Leading Italian author Umberto Eco says don't blame scandal-plagued Prime Minister Silvio Berlusconi for his country's problems -- blame the Italians themselves.
Writing in the left-wing weekly L'Espresso, out Friday, the respected intellectual lashes out at his fellow Italians who have supported Berlusconi, but also predicts his efforts at convincing them will be useless.
"The Italian problem is not Silvio Berlusconi," the author of "The Name of the Rose" and "Foucault's Pendulum" wrote.
"History... has been brimming over with adventurous men, who were not lacking charisma, who had a restricted sense of state but an extremely broad sense of their own advantage, who wanted to establish their own private power by clambering over parliaments, judiciaries and constitutions.
"Why take it out on these men and not on the society that allowed them to do as they pleased?" He added that Berlusconi was only "going about his own business, so-to-speak."
In an apparent reference to Berlusconi's vast media holdings, the writer wrote that "the majority of Italians accept conflicts of interest."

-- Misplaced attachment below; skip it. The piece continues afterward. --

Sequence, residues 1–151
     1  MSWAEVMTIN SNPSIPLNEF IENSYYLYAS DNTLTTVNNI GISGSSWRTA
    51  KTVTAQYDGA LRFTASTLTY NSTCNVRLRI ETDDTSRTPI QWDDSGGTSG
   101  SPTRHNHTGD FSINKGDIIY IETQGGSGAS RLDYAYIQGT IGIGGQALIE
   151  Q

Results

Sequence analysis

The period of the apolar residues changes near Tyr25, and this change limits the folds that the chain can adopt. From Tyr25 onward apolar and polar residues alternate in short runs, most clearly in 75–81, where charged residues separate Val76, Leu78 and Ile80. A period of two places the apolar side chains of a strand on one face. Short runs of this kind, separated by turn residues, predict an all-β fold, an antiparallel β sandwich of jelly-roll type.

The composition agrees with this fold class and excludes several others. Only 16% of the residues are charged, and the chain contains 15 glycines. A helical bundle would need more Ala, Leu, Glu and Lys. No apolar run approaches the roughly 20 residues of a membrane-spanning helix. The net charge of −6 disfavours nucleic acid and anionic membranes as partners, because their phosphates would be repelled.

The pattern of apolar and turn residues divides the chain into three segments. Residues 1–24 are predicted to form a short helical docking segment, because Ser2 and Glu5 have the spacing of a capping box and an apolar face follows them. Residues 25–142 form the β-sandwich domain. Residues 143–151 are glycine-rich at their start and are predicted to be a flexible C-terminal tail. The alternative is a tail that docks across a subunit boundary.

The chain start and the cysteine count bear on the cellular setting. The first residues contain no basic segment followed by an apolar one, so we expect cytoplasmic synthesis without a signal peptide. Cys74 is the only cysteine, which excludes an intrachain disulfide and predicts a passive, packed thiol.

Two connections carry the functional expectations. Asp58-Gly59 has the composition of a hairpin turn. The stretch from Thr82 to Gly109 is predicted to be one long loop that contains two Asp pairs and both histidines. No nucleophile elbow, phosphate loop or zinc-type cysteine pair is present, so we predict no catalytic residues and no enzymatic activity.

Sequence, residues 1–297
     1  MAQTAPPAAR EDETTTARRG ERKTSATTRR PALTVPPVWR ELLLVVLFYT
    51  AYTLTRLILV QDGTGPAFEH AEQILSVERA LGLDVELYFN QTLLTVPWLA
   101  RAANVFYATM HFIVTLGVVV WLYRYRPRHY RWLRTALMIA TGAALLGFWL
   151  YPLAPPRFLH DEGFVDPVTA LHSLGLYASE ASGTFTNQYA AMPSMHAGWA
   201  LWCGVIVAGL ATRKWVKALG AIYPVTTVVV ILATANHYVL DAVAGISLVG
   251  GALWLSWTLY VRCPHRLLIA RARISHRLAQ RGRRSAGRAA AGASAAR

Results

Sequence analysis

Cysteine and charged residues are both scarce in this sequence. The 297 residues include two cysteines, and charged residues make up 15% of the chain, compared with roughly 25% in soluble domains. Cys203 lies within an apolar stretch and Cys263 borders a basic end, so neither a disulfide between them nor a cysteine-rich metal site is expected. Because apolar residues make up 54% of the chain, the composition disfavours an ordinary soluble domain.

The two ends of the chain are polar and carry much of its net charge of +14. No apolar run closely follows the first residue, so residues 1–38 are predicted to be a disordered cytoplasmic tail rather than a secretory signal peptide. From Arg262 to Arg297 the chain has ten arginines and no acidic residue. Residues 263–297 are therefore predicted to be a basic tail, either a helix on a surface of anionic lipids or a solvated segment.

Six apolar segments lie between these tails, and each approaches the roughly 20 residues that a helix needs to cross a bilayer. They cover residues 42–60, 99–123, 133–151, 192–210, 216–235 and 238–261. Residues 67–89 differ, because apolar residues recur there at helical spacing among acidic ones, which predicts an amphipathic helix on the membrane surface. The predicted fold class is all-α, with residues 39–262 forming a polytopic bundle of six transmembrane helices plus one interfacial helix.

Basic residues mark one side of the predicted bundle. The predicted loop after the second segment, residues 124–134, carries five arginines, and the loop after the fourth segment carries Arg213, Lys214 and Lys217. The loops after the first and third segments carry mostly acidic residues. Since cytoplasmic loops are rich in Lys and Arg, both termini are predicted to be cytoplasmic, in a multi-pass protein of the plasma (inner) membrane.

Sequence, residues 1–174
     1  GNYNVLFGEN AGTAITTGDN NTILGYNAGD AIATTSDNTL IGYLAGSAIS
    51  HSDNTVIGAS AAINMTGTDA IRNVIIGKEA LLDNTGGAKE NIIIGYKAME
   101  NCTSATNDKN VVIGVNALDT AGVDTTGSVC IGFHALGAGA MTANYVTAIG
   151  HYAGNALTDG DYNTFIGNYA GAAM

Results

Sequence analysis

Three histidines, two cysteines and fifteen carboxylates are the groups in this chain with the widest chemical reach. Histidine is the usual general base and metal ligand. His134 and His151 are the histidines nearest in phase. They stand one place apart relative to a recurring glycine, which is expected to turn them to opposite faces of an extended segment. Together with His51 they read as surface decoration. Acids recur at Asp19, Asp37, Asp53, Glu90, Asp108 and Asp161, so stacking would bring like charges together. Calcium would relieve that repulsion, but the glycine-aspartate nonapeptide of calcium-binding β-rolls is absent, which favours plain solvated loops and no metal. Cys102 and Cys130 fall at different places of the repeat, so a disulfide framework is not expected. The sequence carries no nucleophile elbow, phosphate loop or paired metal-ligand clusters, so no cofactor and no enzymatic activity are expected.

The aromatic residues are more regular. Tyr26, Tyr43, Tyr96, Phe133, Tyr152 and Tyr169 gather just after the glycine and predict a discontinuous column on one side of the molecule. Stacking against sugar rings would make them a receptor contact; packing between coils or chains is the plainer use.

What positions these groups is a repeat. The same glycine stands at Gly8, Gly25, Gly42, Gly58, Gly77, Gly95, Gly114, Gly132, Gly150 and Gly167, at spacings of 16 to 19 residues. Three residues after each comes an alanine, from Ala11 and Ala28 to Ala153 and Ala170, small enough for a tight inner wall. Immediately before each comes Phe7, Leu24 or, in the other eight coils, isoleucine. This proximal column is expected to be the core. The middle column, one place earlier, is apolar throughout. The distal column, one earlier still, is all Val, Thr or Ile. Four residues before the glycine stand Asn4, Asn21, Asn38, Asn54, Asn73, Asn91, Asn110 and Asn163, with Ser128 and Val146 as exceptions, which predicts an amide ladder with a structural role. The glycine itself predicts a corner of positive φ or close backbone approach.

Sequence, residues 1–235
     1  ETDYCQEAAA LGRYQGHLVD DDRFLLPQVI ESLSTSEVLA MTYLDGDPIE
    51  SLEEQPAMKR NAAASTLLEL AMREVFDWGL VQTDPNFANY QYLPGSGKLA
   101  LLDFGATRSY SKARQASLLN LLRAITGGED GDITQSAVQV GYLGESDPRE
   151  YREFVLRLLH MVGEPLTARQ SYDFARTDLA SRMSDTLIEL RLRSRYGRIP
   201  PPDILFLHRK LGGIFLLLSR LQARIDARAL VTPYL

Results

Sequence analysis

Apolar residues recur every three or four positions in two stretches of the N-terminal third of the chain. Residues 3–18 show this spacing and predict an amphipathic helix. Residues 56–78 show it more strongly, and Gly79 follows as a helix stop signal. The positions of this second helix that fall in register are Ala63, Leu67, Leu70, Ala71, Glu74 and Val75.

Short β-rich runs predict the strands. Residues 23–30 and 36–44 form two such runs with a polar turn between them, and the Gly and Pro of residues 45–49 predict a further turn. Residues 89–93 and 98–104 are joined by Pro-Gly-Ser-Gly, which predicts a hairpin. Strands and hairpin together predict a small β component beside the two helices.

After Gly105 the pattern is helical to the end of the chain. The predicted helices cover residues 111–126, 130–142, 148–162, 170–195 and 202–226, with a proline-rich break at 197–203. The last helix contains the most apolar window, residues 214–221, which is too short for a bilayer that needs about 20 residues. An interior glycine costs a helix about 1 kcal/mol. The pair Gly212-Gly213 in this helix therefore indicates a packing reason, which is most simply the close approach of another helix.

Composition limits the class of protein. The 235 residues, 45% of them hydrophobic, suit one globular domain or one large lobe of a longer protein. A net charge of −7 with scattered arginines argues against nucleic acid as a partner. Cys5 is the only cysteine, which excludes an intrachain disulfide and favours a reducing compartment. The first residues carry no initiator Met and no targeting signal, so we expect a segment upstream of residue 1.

Berlusconi, who hosted this week's G8 summit in Italy's quake-hit city of L'Aquila, has been hit by a string of recent scandals.
The flamboyant media magnate and billionaire has faced questions over his unexplained relationship with a 17-year-old aspiring model whose coming-of-age party he attended.
That scandal was compounded when explicit photographs emerged of scantily clad guests cavorting at his luxury villa in Sardinia and an investigation into whether the prime minister entertained call girls at his parties.
Berlusconi has also been under fire for a corruption scandal that saw his British tax lawyer convicted for accepting a sizeable bribe in exchange for giving false testimony in a case involving the prime minister's vast media empire.
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